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Millburn: 1857 - 1957
They Built Churches

By the Millburn Centennial Committee

Originally appeared in 1957
This Web version, copyright 2004

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  • St. Stephen's Church

  • St. Rose of Lima's

  • Christ Church

  • The White Oak Ridge Chapel

  • The Wyoming Presbyterian Church

  • The Millburn Baptist Church

  • The African M.E. Church
  • A Sunday School reputed to be the first in New Jersey met in the wash house of the Samuel Campbell homestead on Brookside Drive in 1818.

    "The Fighting Parson," Rev. James Caldwell, Pastor of Elizabeth Presbyterian Church, not only ministered to the religious needs, but in his office at 40 Main Street, Millburn, acted as Washington's Quartermaster. His deathless rallying cry at the battle of Springfield, as he stuffed the pages of Watts Hymnal into the cannon for wadding, "Here, boys, give 'en Watts," as commemorated by Bret Harte in his poem "Parson Caldwell."

    A fairly authentic story tells that in the early 1740's, a small roughly constructed church was built at about what would now be the corner of Main Street and Meeker Place, and the Rev. Timothy Symms was installed in it as pastor in 1746. In addition to his home near the church, the minister was given 100 acres of land on Parsonage Hill Road for "glebe", from which he had a right to cut wood, or to use in any way he wished for maintenance. This grant also provided a name for "Parsonage" Hill Road. The church was a a few years later rebuilt in Springfield as the Springfield Presbyterian Church.

    In October, 1831, the first of the permanent churches established in the community was organized by William Parsil, as the "Oak Ridge Sunday School Association," and held its meetings in the schoolhouse.

    However, although Mr. Parsil's Association is the first permanent church, it was not the first Sunday School. In 1818 a Sunday School, said to be the first in New Jersey, was organized, and held its services in the washhouse of the Campbell homestead on Brookside Drive, then called the Valley Road.

    St. Stephen's Episcopal Church held its first service in a room over a store in Millhurn Center on October 17, 1851. Soon afterward, through the generosity of Israel D. Condit, in donating land, the present church was built on Main Street. It is interesting to note that the founders' group was incorporated as "Rector, Wardens and Vestry of St. Stephen's Church, Millville."

    St. Rose of Lima's R.C. Church was organized in Springfield in 1852, later moving to its present location in Short Hills, although Catholics of the community had been hearing Mass in the home of John Hogan, No. 79 Old Short Hills Road, Short Hills, as early as 1847.

    On October 18, 1858, a group of nine men and women organized the Millburn Baptist Church, and on August 10, 1859, the corner stone of the present building was laid, on land at the corner of Millburn Avenue and Spring Street, donated by Mrs. Isabelle Lee.

    A Church to he known as "The Wyoming Presbyterian Church" was formed, and the congregation of 30 met for the first service on November 9, 1873, in the railroad station, with the Rev. Brown Emerson preaching on the text, Genesis 28:17, "How Dreadful is this Place. This is none other than the house of God; and this is the Gate of Heaven." Services were held there for several years, the organ being trundled every Sunday in a wheelbarrow. The first Wyoming public school classes were also held in the railroad station Other churches took their places in the permanent scene. In 1879 the African M. E. Church was founded, and services were held in a rented hall. In 1881 it had two members and a minister, but a small place of worship was erected on Mechanic Street. The present Church, known as "Mount Zion African M. E. Church" was built at 54 Church Street in 1902.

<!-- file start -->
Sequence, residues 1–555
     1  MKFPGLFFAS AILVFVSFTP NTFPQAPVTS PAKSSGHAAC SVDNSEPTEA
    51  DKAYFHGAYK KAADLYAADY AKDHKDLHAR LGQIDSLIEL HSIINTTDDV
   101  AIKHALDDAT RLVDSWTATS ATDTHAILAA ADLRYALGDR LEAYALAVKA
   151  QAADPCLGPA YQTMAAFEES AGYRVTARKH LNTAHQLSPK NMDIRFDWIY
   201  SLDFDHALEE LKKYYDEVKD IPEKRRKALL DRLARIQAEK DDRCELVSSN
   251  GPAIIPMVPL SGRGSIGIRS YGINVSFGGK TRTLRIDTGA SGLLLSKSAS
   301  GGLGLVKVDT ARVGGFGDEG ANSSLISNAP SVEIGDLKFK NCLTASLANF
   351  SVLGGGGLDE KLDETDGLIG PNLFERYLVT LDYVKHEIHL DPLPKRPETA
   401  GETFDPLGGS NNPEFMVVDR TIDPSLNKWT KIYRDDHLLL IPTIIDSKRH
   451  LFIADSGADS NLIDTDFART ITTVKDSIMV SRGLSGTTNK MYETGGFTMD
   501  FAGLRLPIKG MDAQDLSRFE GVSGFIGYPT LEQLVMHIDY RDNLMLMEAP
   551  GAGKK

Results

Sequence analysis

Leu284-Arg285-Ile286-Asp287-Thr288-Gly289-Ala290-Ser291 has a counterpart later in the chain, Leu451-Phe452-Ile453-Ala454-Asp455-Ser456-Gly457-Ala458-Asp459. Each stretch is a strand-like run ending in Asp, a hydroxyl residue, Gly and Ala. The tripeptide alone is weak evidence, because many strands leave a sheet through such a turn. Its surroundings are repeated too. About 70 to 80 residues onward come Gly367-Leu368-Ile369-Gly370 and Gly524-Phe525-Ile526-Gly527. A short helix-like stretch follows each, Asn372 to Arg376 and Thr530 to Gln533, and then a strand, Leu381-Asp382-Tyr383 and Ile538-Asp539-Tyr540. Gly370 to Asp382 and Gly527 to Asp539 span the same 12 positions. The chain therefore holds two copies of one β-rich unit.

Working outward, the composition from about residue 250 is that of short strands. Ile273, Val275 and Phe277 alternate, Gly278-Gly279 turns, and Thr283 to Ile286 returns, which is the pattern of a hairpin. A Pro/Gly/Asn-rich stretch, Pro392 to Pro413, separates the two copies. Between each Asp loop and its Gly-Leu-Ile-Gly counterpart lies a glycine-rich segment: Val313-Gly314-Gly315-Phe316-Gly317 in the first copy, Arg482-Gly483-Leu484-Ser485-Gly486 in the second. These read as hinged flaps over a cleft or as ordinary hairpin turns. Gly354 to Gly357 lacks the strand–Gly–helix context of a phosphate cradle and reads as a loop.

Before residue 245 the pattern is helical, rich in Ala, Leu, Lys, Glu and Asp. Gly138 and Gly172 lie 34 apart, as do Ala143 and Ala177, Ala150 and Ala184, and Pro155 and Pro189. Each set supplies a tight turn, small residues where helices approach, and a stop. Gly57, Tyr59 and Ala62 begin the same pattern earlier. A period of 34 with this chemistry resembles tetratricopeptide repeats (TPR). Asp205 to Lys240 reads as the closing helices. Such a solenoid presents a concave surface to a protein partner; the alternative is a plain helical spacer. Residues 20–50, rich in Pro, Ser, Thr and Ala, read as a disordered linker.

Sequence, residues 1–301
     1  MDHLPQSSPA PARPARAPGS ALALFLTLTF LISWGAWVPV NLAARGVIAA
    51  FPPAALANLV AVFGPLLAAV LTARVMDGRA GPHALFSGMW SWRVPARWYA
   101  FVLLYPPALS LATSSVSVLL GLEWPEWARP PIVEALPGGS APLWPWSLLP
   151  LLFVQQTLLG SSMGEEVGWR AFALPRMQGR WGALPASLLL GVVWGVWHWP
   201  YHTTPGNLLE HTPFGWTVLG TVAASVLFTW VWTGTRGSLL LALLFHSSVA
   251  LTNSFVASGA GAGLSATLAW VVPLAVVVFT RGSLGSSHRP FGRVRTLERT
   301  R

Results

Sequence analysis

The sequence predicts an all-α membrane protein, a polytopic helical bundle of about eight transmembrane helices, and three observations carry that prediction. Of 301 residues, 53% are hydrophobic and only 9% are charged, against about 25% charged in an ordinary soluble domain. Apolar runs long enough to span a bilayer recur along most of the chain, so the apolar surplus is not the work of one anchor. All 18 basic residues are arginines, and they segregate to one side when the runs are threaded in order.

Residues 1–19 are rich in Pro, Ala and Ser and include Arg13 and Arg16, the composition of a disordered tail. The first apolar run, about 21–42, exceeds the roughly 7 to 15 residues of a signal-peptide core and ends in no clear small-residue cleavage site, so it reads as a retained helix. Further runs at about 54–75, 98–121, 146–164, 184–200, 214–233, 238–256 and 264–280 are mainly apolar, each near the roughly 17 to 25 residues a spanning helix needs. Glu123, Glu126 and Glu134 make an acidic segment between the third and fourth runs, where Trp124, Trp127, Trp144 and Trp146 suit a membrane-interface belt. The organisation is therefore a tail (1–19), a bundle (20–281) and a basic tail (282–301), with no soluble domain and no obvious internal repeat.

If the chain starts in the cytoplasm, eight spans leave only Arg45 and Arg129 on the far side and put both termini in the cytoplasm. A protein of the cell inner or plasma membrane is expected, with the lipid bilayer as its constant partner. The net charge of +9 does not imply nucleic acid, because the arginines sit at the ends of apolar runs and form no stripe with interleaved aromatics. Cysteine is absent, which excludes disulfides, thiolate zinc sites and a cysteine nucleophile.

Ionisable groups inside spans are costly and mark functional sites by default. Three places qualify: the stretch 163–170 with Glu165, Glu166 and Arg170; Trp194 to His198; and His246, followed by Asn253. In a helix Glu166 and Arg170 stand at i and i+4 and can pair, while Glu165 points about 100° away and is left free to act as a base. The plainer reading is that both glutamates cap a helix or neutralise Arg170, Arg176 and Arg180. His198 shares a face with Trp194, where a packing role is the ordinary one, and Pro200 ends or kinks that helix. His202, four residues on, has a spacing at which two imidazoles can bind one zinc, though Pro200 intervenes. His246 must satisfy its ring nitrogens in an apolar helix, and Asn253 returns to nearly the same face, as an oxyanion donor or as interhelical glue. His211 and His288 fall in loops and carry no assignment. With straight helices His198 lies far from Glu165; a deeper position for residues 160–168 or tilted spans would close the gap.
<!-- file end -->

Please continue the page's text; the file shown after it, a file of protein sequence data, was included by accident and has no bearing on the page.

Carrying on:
The establishment of Christ Church Parish was primarily due to Stewart Hartshorn who donated the land and $1,000 in cash. The organization was completed on September 20, 1882, with fifty members, and held its first ser- vice in the Music Hall on October 15th, 1882, with Rev. Frank L. Humphreys, the first rector, conducting the service. On Trinity Sunday in 1884 the Con- gregation joined in prayer for the first time in its own building-the fieldstone Gothic church which, with additions and enlargements, is still in use.

    Some ladies and gentlemen of St. Stephen's. Seated second from left, first row, is Miss Amelia Park, Church organist for 54 years, and Sunday School teacher for 70 years.
    These seven churches were the permanent houses of worship established before or soon after the incorporation of the Township.

    The Springfield Presbyterian Church was for many years, starting with the days when this area was part of a royal colony, the center of the religious life of a majority of the people, and around it, too, the tides of war ebbed and flowed on many an anxious day. However, as only those institutions which come within the physical boundaries of the present Millburn Township are recorded here, the full history of this church, "Mother" to so many others of like denomination, must be omitted.

    A perusal of the newspapers of the last decades of the 19th century shows that attempts were made to establish other churches. For a few years, the "Congregational Church of Short Hills" met on Sundays in the Music Hall, a Union Sabbath School held classes in the school house on Old Short Hills Road, and another Union Sunday School also met at various times in the Music Hall. A Methodist Church known as "The Tabernacle" held services on Taylor Street for a time, but a majority of people of the Methodist faith continued to attend services in the Methodist Episcopal Church of Springfield, and no church of that sect became permanent here.


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